One of the eight factors in the 4Cs mental toughness concept is Achievement Orientation. This describes our mental approach to making an effort when we have something to do.
It is, like all the factors in the 4Cs concept, a spectrum with varying levels of achievement orientation between the two extremes. At one end, the more mentally tough will typically do whatever it takes to complete the task.
Visualization plays a part here. They can imagine what the completed task looks like and what it feels like to achieve it. Then they want it in reality. It can be a significant source of motivation.
At the other end, the more mentally sensitive are often averse to making a lot of effort and may not complete the task. For them, the feeling associated with attainment isn’t worth the pain and effort of getting there.
We know that the more mentally tough can approach tasks in such a determined way that they focus entirely on the task and don’t recognise the warning signs of burnout.
What is less well understood is that those with high levels of achievement orientation can suffer from “brownout” if they do not have enough to do.
As Robert Wu at the University of British Columbia and colleagues* found that although much has been made of the aversiveness of effort, being bored is at least as unpleasant — if not more so.
The team carried out studies on a significant number of people where they gave them a choice between carrying out a simple task or watching the task being done (by a computer).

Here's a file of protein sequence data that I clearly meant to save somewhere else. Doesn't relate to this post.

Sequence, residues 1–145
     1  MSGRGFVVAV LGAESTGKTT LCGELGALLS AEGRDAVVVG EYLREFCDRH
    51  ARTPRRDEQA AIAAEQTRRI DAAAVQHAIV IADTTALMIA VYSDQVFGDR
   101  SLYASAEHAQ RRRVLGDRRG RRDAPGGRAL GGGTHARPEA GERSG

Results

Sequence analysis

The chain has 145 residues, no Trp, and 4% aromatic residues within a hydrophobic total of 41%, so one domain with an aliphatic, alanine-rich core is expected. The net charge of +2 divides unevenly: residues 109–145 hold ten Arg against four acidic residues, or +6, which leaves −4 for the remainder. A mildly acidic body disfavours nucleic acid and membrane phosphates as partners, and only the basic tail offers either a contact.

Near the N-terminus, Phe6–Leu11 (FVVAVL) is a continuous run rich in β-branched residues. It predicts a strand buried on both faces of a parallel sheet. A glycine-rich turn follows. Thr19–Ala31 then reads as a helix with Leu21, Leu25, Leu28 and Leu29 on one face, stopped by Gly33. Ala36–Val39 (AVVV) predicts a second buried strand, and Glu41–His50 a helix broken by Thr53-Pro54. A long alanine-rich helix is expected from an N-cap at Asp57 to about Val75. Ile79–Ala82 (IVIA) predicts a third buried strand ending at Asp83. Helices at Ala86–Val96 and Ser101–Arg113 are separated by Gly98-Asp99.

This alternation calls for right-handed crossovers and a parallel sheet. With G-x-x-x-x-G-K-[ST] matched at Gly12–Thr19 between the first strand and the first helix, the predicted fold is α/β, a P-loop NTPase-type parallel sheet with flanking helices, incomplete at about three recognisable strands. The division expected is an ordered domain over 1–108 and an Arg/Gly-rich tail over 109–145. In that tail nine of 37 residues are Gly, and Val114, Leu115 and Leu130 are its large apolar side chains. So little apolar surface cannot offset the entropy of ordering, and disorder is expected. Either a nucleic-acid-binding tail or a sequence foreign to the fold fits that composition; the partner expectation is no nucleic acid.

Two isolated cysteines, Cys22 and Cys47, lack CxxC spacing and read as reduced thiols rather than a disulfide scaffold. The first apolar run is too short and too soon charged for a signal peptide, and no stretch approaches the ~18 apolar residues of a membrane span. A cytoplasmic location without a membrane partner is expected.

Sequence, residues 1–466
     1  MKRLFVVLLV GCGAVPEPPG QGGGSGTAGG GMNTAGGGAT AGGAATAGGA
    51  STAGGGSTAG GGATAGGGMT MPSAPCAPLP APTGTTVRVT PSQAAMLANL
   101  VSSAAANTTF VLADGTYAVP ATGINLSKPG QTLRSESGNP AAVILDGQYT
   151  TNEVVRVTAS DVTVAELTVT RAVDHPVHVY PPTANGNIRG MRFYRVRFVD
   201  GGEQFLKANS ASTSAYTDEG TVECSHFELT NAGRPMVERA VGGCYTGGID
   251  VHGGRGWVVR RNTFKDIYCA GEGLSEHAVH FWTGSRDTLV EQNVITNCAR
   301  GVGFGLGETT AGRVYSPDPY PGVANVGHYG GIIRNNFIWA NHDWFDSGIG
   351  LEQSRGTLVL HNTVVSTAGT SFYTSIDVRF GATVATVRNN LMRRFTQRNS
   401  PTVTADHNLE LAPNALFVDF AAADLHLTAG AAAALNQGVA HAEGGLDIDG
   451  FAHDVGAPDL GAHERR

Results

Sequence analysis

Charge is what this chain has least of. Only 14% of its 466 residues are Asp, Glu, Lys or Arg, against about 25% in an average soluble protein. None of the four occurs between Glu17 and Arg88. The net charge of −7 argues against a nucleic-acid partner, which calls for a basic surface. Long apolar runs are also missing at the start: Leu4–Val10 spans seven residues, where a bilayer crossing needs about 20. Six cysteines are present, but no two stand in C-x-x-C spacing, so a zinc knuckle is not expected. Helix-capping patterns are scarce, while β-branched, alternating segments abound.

The results of one set of experiments showed that in general people preferred harder tasks but not easy tasks to doing nothing. “This suggests that people do not necessarily prefer to do anything when faced with doing nothing,” the team reports. “Instead, people may prefer only tasks that require some effort, suggesting that effort is sometimes valuable.”
What the study didn’t do of course is assess the participants to determine which were more mentally tough in terms of achievement orientation and which were more mentally sensitive. This would have added another valuable dimension.
Other experiments found that repeating an easy task could also be perceived as boring. The study indicated that there might be limits to our approach to choosing effort over doing nothing. The choice then becomes a choice between two different kinds of boredom – doing nothing or doing some easy task repeatedly.
When the different exercises and their data were reviewed, the researchers observed that studies by other researchers had suggested that people in general may tend to avoid cognitive effort.
The studies now indicated that “participants did not choose to avoid effort to do nothing and, interestingly, chose effort significantly more than chance” — though that effect was small. “Together, our findings demonstrate that doing nothing can be just as aversive — and sometimes more aversive — than exerting cognitive effort,”.
Earlier research has also indicated that, in order to avoid boredom, some of us will do almost anything.
Curiously, just to illustrate that nothing in human nature or psychology is one or even two-dimensional, studies have shown that boredom, especially in young people, can be a catalyst for curiosity, reflection, creativity and new ideas. It can drive the search for novelty, including setting a new goal or embarking on a new adventure.
Curiosity and creativity have been identified by the World Economic Forum as two of the characteristics of a successful person in the 21st Century.
However we approach burnout, brownout or boredom, these are consequences of an individual’s mental response to what happens to them or around them. That is, our level of mental toughness/mental sensitivity.
It would seem, as is often the case, that self-awareness about one’s level of mental toughness, in this case, our mental approach to achievement, to getting things done, might well be useful in avoiding the consequences of both burnout and brownout.
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*Wu, R., Ferguson, A. M., & Inzlicht, M. (2022). Do humans prefer cognitive effort over doing nothing? Journal of Experimental Psychology: General. Advance online publication. https://doi.org/10.1037/xge0001320*